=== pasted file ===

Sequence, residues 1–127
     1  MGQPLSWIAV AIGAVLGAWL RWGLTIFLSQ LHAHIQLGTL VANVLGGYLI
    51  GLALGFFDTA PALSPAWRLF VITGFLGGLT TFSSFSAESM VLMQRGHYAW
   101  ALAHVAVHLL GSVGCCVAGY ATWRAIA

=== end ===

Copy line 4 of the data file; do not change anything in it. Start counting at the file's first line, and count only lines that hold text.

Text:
   101  ALAHVAVHLL GSVGCCVAGY ATWRAIA